Remuneration Provided to Beneficiaries
The OIG believed that the Program implicated the AKS because the Manufacturer provides remuneration to Participants in the form of a discount on the price of a Product, which could induce Participants to purchase other products made by Manufacturer for which payment may be made by a federal health care program. Also, the discount may induce Participants to switch to the Product. If Manufacturer discontinues the Program, Participants will then be more likely to seek coverage for the Product from their federal health care program prescription benefit leading to increased costs to federal health care programs. Nevertheless, the OIG deemed these risks to be sufficiently low due to the following reasons:
- The Manufacturer will not use the discount as a vehicle to market other federally reimbursable products it manufacturers or permit the Pharmacy to use the Program to influence the Participants to choose the Pharmacy as a supplier for other federally reimbursable items.
- It is unlikely that the Program will induce Participants to purchase the Product with the assistance of a federal health care program when the Program concludes because: (i) there are no clinical barriers from switching from the Product to a clinically equivalent generic drug; and (ii) most Medicare Part D plans do not cover the Product; where coverage is available, it is significantly restricted.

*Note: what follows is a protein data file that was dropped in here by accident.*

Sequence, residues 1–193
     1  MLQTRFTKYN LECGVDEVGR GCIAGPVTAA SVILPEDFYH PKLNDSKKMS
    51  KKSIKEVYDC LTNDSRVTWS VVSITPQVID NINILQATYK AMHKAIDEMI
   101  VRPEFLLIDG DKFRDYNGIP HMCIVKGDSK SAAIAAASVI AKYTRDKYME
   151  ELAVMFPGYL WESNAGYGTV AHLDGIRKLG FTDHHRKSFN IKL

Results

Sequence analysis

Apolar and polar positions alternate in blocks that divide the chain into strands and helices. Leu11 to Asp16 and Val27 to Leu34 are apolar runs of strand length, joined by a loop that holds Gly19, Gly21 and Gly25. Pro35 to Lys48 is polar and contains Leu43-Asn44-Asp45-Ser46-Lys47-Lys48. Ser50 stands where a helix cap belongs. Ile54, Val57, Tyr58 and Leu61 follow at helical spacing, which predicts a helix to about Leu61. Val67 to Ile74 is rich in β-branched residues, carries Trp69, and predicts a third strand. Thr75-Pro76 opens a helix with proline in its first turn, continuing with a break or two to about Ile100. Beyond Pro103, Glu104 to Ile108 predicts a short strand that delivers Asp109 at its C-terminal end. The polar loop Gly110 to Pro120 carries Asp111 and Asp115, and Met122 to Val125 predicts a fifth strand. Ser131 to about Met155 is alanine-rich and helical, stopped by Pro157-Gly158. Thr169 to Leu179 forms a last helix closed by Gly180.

Remuneration Provided to Pharmacies
The OIG was also concerned that the fees the Manufacturer paid to the Pharmacy could influence the Pharmacy to arrange for or recommend the purchase of the Product or Manufacturer’s other products for which payment may be made by a federal health care program. However, the OIG also found that this risk was sufficiently low due to the presence of the following safeguards:
- The fees paid to the Pharmacy are based on arm’s length negotiations, are consistent with fair market value as determined by a third party, and do not take into account the volume of value of referrals or other business generated between the Pharmacy and the Manufacturer.
- The “per transaction” fees only take into account items and services provided by the Pharmacy that are necessary to dispense the Product and do not include marketing or other items or services unrelated to dispensing the Product.